Kirkus Reviews
Marston's timely and engaging collection of eight short stories offers provocative snapshots of Arab teenagers growing up in environments riddled with religious, historical and cultural dilemmas. These teens confront common coming-of-age issues as well as their unique indigenous challenges. In war-weary Baghdad, Amal discovers that a gift for her teacher comes at a high price. In ancient Damascus, Suhayl copes with his parents' divorce by making a special meal for the mother he must leave. In Lebanon, Aneesi chooses between an arranged marriage and her own dreams. In occupied Palestine, Mujahhid wages his own jihad against Israeli soldiers. Uprooted from modern Cairo, Rania defies her urbane mother by consorting with a village girl. In historic Tunisia, Hedi discovers he may have a future beyond selling hats to tourists. In Jordan, Yasmine wonders what is honorable about a family who would murder a daughter to save face. In a bleak Palestinian refugee camp in Lebanon, Rami finds the perfect wife for his brother. Amid unrest, resilient Arab teens find courage and hope and offer inspiration. (notes) (Fiction. 10-15)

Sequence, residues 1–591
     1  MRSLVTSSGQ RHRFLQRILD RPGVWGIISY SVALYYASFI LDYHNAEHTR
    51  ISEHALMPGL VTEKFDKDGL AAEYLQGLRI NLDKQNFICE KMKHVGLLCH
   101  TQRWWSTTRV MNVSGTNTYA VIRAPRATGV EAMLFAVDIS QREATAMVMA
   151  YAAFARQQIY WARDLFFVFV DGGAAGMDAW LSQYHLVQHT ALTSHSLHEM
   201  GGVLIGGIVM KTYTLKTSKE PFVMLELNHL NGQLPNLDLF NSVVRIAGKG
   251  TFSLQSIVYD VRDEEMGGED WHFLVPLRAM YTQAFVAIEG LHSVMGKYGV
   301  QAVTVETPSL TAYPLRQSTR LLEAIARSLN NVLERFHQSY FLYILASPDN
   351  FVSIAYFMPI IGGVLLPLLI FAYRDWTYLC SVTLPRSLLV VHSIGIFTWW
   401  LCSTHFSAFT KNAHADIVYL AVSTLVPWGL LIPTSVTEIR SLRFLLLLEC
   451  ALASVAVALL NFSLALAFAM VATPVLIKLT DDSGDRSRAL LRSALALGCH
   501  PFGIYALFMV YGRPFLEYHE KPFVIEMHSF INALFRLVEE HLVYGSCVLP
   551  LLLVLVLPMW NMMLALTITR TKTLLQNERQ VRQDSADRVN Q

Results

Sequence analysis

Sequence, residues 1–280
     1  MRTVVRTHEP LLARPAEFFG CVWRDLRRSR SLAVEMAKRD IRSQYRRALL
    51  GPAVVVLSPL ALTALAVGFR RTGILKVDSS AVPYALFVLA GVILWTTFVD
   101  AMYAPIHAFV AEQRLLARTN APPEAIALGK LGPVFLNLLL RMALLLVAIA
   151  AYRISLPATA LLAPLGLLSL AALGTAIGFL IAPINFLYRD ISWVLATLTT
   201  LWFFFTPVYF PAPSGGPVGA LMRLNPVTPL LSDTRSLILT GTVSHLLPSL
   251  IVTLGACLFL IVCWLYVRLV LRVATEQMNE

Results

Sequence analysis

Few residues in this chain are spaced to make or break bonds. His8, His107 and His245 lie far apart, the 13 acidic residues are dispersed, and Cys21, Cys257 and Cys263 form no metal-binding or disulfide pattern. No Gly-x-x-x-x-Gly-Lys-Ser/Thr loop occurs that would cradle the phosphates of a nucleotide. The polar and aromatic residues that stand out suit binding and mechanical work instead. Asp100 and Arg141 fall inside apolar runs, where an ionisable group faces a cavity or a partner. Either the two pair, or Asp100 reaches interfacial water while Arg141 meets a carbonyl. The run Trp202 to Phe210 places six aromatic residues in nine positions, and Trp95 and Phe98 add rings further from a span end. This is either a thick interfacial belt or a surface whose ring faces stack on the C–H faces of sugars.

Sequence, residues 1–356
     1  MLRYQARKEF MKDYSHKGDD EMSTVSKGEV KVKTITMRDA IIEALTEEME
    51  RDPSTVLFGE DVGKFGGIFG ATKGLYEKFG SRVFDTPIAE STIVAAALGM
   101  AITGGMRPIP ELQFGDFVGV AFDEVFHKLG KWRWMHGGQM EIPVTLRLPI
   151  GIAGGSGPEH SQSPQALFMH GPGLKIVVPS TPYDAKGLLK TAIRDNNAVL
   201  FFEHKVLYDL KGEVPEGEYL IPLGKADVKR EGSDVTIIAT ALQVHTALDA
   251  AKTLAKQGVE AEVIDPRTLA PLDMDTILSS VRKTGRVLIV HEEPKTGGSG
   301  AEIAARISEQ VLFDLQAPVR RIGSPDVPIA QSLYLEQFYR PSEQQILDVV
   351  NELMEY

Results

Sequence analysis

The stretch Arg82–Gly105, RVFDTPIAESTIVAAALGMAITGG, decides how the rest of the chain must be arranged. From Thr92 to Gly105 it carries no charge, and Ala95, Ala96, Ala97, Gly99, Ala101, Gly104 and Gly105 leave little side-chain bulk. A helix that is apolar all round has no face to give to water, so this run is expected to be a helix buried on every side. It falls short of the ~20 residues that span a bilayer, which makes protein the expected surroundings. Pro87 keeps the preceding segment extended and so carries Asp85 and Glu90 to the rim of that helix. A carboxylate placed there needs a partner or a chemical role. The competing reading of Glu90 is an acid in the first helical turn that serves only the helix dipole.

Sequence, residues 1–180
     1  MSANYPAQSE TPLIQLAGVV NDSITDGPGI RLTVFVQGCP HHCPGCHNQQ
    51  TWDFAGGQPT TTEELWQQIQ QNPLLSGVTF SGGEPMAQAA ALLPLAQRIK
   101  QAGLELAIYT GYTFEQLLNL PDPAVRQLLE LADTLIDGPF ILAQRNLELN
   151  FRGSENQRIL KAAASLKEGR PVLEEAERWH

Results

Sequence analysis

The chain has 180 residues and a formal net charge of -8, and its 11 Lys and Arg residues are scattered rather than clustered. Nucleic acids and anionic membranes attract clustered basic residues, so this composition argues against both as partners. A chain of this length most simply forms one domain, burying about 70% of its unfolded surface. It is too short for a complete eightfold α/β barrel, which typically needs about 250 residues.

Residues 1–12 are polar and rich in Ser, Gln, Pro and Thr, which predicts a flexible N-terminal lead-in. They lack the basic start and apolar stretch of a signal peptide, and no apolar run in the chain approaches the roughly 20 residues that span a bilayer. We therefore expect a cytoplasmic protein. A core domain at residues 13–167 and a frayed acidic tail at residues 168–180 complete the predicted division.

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Product Details

  • ISBN-13: 9780253220042
  • Publisher: Indiana University Press
  • Publication date: 5/1/2008
  • Edition number: 1
  • Pages: 216
  • Sales rank: 451,709
  • Product dimensions: 5.50 (w) x 8.20 (h) x 0.60 (d)

Meet the Author

Elsa Marston is the author of many works of fiction and nonfiction, mostly for young adults. Her books include Women in the Middle East: Tradition and Change, The Cliffs of Cairo, and Muhammad of Mecca, Prophet of Islam. She lives in Bloomington, Indiana.

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Table of Contents

Contents
Preface
Acknowledgments

1. Santa Claus in Baghdad
A story from Iraq (2000)
Do the best gifts always have to come at a high price?
2. Faces
A story from Syria
How can you try to make someone else happy when your own world is coming apart?
3. The Hand of Fatima
A story from Lebanon
Which comes first—loyalty to others or faith in your own dreams?
4. The Olive Grove
A story from Palestine
Just how do you choose your battles?
5. In Line
A story from Egypt
Will a city girl ever feel quite at home in a farming village?
6. Scenes in a Roman Theater
A story from Tunisia
Do you have to wait for the story of your life to change—or can you help to tell it yourself?
7. Honor
A story from Jordan
Whose honor is at stake when a girl breaks the rules?
8. The Plan
A story from a Palestinian refugee camp in Lebanon
Can the spring flowers bloom—and love blossom—where hope is so scarce?

Notes

Indiana University Press